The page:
Inside the global jihad
Will Al Qaeda regenerate itself following Osama bin Laden's death?
During the George W. Bush administration's “War on Terror,” government officials often likened Al Qaeda to snake, which can be killed by cutting off its head. Al Quaeda has also been likened to the mythical hydra, a monster with multiple heads: Chop off one head, and two more pop out.
– Steven Simon
“These zoomorphic images are very revealing about the way in which people deal with the situation,” said Steven Simon, Senior Fellow for Middle Eastern Studies at the Council on Foreign Relations.
Simon noted the drawbacks of the “snake” metaphor: Despite the fact that many Al Qaeda leaders were killed or captured in the years immediately following the Sept. 11, 2001 attacks, terrorist strikes continued throughout the world – including London, Bali and Mumbai.
“Since Sept. 11, this movement has been under unrelenting coordinated international pressure,” Simon said. “Yet, in that time, they have attacked planes with surface-to-air missiles; they have attacked trains and gated compounds; they have launched audacious conspiracies to attack American embassies and consulates; they have experimented with toxins; they've carried out assassinations; and they embarked on a very audacious campaign to challenge American control in Iraq.
“And this is all being conducted by a group that is being chased all over the world and their leaders are being captured and killed. On a tactical level, you have to give them some credit.”
In developing a better metaphor for Al Qaeda, Simon suggests shifting from the reptilian kingdom to the fungi: “If on the other hand you don't believe it's like a snake, but more like a deadly mold, you might get a better sense of the difficulty in developing strategy to deal with it.”
Simon examines the origins of Al Qaeda and other Islamic extremist groups in his book, The Age of Sacred Terror, co-authored with Daniel Benjamin. The book explores the historical underpinnings of these groups – and the individuals behind them.
“The phenomenon represented by this group [Al Qaeda] is very complex,” Simon said. “It's important to recognize the complexity of this phenomenon to understand why it's so difficult to counter, let alone defeat.”
To a Western audience, Osama bin Laden's periodic broadcasts from his caves and rocky outcroppings might have appeared as the ravings of an eccentric madman, or perhaps a small glimpse of a psychotic mass-murderer.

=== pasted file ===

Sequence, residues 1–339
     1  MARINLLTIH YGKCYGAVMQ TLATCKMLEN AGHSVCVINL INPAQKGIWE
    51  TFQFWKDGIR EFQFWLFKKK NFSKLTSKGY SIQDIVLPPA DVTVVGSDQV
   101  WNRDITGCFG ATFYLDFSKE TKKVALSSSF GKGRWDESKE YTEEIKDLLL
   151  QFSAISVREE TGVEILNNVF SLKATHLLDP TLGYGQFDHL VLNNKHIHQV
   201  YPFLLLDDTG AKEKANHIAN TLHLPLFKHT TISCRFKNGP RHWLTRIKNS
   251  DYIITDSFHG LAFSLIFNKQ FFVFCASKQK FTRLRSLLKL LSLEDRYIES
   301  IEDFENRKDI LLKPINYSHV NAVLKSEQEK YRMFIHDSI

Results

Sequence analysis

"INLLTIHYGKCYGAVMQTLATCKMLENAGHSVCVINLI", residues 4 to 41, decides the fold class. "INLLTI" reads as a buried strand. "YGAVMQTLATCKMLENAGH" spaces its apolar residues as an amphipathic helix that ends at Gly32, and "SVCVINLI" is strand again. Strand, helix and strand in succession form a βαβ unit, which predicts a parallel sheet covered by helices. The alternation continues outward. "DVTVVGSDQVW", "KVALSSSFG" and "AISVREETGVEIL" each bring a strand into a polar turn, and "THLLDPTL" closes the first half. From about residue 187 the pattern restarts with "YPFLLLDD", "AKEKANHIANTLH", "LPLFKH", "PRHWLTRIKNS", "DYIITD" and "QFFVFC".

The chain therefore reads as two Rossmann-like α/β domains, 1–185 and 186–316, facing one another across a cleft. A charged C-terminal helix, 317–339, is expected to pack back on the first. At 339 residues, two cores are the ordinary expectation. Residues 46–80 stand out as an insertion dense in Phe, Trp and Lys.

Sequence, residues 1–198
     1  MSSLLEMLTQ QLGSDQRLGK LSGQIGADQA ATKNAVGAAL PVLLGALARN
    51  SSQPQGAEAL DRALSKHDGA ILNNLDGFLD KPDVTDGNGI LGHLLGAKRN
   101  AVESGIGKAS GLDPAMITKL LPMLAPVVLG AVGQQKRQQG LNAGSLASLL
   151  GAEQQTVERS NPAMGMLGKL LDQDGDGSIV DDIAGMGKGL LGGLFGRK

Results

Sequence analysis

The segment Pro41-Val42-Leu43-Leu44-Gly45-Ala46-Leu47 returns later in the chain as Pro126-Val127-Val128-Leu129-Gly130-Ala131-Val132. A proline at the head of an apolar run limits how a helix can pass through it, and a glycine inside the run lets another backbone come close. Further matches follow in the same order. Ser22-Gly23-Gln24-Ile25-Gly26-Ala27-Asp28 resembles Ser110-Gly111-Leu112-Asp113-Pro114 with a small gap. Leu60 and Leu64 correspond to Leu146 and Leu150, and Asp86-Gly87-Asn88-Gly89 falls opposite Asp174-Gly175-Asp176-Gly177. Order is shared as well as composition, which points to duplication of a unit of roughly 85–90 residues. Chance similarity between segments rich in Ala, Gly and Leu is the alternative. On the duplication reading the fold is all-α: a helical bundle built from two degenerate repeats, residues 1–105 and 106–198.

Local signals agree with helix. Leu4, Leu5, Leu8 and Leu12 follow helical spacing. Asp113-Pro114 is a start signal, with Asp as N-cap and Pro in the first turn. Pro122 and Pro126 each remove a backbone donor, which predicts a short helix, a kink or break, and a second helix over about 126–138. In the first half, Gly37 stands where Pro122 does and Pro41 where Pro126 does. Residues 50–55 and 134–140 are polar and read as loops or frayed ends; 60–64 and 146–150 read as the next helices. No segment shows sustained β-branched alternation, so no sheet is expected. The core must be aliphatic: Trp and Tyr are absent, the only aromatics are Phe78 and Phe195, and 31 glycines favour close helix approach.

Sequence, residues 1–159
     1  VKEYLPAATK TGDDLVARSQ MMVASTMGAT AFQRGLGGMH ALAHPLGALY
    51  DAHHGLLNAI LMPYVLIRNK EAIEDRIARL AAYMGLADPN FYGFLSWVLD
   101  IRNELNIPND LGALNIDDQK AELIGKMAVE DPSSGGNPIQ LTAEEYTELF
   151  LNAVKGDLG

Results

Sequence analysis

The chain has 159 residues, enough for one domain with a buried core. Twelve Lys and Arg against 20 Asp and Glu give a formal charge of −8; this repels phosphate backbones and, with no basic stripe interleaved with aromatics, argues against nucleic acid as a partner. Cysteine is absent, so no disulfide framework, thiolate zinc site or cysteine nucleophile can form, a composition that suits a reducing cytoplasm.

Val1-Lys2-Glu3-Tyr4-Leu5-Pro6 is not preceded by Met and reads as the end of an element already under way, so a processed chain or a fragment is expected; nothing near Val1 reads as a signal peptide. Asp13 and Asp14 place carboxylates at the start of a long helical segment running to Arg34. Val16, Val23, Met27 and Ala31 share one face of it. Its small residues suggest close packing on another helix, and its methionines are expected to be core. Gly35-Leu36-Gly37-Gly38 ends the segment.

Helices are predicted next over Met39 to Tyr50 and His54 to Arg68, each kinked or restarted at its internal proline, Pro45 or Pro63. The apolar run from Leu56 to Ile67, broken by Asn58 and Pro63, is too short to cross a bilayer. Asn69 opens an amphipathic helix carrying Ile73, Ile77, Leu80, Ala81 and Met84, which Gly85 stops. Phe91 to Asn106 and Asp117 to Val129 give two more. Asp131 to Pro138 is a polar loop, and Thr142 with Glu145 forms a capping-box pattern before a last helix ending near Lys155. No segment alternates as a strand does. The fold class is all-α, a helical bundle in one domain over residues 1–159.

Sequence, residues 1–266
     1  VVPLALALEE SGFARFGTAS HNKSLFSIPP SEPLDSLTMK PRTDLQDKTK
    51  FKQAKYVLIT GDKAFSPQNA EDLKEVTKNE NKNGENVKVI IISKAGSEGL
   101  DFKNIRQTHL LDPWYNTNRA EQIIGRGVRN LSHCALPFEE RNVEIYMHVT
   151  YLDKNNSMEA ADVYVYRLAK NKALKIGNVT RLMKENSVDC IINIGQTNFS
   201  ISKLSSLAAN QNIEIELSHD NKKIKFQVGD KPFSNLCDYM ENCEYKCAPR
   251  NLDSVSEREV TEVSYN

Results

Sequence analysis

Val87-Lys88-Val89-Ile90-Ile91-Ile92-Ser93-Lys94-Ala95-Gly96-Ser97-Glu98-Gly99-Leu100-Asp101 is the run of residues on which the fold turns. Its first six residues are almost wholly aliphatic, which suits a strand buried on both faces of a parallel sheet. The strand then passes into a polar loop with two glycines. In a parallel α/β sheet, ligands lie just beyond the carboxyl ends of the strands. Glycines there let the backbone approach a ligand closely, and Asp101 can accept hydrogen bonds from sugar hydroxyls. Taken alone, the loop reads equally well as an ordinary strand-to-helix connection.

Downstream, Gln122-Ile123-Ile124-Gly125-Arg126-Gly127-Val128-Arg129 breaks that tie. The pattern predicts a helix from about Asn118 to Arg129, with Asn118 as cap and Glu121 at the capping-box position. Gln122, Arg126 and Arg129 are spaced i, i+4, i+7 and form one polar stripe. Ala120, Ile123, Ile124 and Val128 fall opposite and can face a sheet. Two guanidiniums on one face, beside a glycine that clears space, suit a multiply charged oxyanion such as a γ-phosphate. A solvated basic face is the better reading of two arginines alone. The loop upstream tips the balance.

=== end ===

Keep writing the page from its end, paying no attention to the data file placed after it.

But to a Muslim audience, even those who condemn bin Laden's actions, bin Laden's words and representations struck another chord:
– Steven Simon
“Bin Laden rather ingeniously manipulated images that are embedded in the Muslim consciousness,” Simon said. The Al Qaeda leader touched the Muslim consciousness by invoking the Prophet Mohammed's experience, the Koran and the historical experience of the Muslim world.
“Bin Laden was a megalomaniac who self-aggrandized himself, but there was also a self-effacing side: He dressed in simple clothes and simple military garb. He did not partake in any pleasures which he could have if he had chosen to remain with his family and keep his Saudi citizenship,” Simon said.
bin Laden was a very effective propagandist for the audience he was addressing, Simon said. Bin Laden evoked the image of the murabitoun,
or vigilant warriors, of the early the history of Islam.
“As the Islamic empire was expanding [in the seventh and eighth centuries], young men would flock to the frontiers of the empire, man the outposts, push forward the borders of Islam and fight against those would encroach on lands that had been won for God. These are powerful images, and bin Laden manipulated them quite well,” Simon said.
Bin Laden frequently talked about the Crusades, which he brought to present times with what he referred to as the “Zionist-Crusader Alliance” between Israel and the United States. In his first statement after the bombing of the World Trade Center, bin Laden referred to the loss of Andalusia in southern Spain during the final push of the Spanish reconquest in the 15th century.
“The Crusades were a twofold experience for Muslims: They learned the bitterness and humiliation of defeat, but later the triumph of victory when Saladin defeated the Frankish defenders of Jerusalem,” Simon said. “These images are very powerful in the minds of Muslims. They are part of the larger template that influences the way in which current realities are assimilated and understood.”
On the other hand, Simon cautioned against stereotypes: “There is no single, unitary Muslim. Muslims of the world are differentiated by country of origin, ethnicity, tribe, profession, interests, and gender. But there are motifs that are familiar to most Muslims that are part of their narrative,” he said.
Al Qaeda and other extremist groups weave certain themes into their statements and propaganda. Among them:
- War of religion and economics – In his audio tapes,
bin Laden tied these two elements together.
“He created an umbrella under which many local movements form cover. That's how the movement grows and achieves its protean character,” Simon said. “The economic piece is classic anti-colonial rhetoric: ‘Westerners have come and taken our oil; ripped us off; and used us for their own economic gain.' It's standard neo-Marxist rhetoric, combined with other motifs to broaden the appeal.”
- Jihad against the Jews and “Crusaders” – Israel
must be destroyed and Jews and their American allies must be killed
wherever they are, according to Osama bin Laden's 1998 fatwa.
- Apocalypse now – Al Qaeda and other radical Muslim organizations
have well-developed apocalyptic literature that they disseminate on
the world wide web and in pamphlets.